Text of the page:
Printing (and using) formatted text

Formatted text

There are several ways to display colors:

  • By creating a quo.echo() function.

  • By creating a quo.print() function.

An instance of any of these three kinds of objects is called “formated text”.


quo.echo() prints a message plus a newline to the given file or stdout. On first sight, this looks like the print function, but it has improved support for handling Unicode, binary data and formatted text. It will emit newline by default, which cab be suppressed by passing :param:nl=False

» List of supported ANSI colors

  • text – the string to style with ansi or rgb color codes.

  • fg – if provided this will become the foreground color.

  • bg – if provided this will become the background color.

  • bold – if provided this will enable or disable bold mode.

  • dim – if provided this will enable or disable dim mode.

  • nl - if provided this will print a new line.

  • ul or underline – if provided this will enable or disable underline.

  • italic - if provided this will print data in italic.

  • blink – if provided this will enable or disable blinking.

  • strike -if provided this will print a strikethrough text.

  • hidden - if privided this will prevent the input from getting printed.

  • reverse – if provided this will enable or disable inverse rendering (foreground becomes background and the other way round).

  • reset – by default a reset-all code is added at the end of the string which means that styles do not carry over. This can be disabled to compose styles.

from quo import echo

echo("Hello, world!", nl=False)
from quo import echo

echo("This is bold", bold=True)
echo("This is italic", italic=True)

# Colors from the ANSI palette

echo("This is red", fg="red")
echo("This is green", fg="green")
from quo import echo
echo("This is underlined", underline=True)
from quo import echo


Printing to Standard error using echo

You can easily print to standard error by passing :param:err=True

from quo import echo

echo('Hello World!', err=True)


Quo ships with a print() function that’s meant to be (as much as possible) compatible with the built-in print function, and quo.echo(). It also supports color and formatting just like quo.echo(). print() can be used to indicate that a string contains HTML-like formatting. It recognizes the basic tags for bold, italic and underline: <b>, <i> and <u>. Changed since v2022.3.5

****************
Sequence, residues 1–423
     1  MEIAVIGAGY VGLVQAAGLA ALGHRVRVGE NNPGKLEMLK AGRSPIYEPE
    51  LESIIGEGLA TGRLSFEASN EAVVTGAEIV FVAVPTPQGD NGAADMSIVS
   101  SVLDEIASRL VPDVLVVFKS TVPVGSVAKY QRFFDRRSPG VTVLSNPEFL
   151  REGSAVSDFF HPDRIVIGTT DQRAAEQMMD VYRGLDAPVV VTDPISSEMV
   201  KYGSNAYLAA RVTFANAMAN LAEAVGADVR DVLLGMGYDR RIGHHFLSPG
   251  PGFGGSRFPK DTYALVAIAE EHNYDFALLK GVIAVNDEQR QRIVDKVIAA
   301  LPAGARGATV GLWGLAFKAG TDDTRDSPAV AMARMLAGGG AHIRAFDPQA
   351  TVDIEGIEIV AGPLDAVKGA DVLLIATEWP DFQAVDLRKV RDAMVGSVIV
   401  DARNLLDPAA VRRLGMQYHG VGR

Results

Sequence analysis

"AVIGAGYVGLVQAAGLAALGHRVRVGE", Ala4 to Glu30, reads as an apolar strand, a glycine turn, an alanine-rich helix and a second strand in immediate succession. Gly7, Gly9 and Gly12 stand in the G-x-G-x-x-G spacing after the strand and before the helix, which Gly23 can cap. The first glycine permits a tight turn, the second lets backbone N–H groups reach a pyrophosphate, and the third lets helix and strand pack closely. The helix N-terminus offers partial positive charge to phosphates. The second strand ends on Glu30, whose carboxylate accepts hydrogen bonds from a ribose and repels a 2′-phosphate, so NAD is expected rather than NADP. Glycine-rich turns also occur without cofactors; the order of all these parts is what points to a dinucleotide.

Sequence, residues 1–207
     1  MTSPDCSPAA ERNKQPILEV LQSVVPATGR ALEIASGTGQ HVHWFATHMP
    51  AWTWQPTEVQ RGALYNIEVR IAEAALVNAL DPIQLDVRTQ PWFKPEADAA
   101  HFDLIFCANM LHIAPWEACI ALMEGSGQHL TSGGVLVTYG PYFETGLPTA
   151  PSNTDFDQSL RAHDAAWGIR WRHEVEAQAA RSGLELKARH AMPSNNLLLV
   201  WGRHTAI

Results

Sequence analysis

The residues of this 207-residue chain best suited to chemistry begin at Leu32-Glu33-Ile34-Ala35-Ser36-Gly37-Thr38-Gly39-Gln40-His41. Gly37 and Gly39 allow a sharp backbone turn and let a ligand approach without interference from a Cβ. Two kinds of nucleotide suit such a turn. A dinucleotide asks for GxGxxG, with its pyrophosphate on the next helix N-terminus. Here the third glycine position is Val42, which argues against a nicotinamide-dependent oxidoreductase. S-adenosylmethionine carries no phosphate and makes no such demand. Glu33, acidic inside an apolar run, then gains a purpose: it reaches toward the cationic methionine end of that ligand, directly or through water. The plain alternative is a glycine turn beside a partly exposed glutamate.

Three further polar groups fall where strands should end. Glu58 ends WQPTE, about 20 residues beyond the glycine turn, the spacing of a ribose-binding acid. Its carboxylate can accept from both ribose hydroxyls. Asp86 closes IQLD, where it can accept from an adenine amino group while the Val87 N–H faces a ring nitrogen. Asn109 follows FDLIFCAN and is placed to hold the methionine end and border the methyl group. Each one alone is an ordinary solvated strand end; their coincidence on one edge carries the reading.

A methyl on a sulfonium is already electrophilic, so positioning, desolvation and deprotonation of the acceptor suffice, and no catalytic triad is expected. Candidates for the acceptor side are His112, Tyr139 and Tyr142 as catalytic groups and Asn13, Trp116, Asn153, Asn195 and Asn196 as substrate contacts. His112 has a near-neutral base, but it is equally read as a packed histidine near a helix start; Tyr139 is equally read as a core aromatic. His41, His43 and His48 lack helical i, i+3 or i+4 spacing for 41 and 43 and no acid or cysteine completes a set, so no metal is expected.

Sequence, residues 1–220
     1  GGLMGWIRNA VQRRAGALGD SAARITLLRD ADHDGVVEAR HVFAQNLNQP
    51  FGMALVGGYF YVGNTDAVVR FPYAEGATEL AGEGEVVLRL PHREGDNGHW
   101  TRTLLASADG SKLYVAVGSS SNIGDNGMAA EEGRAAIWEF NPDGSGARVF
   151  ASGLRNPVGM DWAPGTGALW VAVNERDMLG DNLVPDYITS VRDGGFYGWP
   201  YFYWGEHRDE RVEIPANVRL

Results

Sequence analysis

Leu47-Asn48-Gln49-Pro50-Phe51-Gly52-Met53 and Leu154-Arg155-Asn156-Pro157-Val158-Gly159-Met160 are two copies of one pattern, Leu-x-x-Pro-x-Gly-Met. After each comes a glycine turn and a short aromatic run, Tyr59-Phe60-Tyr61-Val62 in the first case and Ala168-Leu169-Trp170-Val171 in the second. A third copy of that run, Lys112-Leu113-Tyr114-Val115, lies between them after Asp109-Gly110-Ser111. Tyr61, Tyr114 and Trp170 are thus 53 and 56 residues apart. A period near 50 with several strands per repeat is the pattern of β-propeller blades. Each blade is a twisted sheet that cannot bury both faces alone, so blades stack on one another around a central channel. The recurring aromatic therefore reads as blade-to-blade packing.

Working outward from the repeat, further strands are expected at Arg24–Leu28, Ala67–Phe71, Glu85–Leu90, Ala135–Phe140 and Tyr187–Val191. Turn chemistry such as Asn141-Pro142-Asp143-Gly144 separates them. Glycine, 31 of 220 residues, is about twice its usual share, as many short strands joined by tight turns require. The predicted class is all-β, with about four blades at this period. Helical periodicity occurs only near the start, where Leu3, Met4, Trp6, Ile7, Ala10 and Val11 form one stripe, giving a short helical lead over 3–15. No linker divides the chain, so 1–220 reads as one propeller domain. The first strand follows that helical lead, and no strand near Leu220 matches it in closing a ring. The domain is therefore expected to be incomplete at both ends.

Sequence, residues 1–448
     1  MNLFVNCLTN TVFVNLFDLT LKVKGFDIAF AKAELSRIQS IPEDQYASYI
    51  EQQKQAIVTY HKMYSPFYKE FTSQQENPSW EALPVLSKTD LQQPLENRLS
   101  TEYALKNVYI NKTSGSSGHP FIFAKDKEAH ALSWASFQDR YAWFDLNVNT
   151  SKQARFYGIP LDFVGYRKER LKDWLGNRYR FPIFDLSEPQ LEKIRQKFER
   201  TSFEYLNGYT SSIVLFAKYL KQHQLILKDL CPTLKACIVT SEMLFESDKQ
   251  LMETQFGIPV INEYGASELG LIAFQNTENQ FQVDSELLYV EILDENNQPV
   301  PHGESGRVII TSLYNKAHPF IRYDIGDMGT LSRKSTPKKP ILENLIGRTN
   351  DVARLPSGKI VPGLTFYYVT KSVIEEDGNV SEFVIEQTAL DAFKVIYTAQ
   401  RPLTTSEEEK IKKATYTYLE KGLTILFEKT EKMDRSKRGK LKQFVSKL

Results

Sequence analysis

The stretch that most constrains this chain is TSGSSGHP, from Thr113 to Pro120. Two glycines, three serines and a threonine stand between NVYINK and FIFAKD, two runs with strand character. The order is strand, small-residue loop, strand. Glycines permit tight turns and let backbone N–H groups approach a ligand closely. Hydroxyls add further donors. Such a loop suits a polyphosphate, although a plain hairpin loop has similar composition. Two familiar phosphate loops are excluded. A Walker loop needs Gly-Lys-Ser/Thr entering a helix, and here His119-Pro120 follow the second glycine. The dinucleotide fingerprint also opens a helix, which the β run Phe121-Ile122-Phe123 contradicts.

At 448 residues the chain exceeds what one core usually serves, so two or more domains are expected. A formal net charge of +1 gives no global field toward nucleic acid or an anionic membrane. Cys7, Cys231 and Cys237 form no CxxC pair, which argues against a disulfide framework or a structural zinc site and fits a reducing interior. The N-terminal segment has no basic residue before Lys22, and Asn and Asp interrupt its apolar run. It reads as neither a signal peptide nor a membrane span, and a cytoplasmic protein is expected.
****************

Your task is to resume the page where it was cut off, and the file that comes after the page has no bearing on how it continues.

On Linux systems, this will output VT100 escape sequences, while on Windows it will use Win32 API calls or VT100 sequences, depending on what is available.

  • values - Any kind of printable object, or formatted string.

  • end - String appended after the last value, default a newline.(the default is a new line).

  • fmt bool - Default is False, if True, you will be able to utilize an instance of quo.text.FormattedText. Added on v2022.4

  • color_depth - Instance of quo.color.ColorDepth . This specifies the number of bits used for each color component i.e: one_bit(2 colors black ad white), four_bit(ANSI 16 colors), eight_bit(256 colors) or twenty_four_bit(24 bit True color). The default color depth is eight_bit.

  • sep - String inserted between values, default a space.

  • style - instance for the color scheme.

from quo import print

print('<b>This is bold</b>')
print('<i>This is italic</i>')
print('<u>This is underlined</u>')
  • Colors from the ANSI palette.

from quo import print

print('<red>This is red</red>')
print('<green>This is green</green>')

» List of supported ANSI colors Read more about styling.

  • Named colors (256 color palette, or true color).

from quo import print

print('<skyblue>This is sky blue</skyblue>')

More examples

from quo import print
print('<seagreen>This is sea green</seagreen>')
print('<violet>This is violet</violet>')

» List of supported Named colors

Both foreground and background colors can also be specified setting the fg and bg attributes of any Text tag:

from quo import print

print('<style fg="white" bg="green">White on green</style>')


» style tag in the example above can be anything i.e: <abc…

Underneath, all Text tags are mapped to classes from a stylesheet, so you can assign a style for a custom tag.

from quo import print
from import Style

style = Style.add({
    'aaa': 'fg:red',
    'bbb': 'fg:blue italic'

print('<aaa>Hello</aaa> <bbb>world</bbb>!', style=style)


This page is also useful if you’d like to learn how to use formatting in other places, like in a prompt or a toolbar.

» Check out more examples here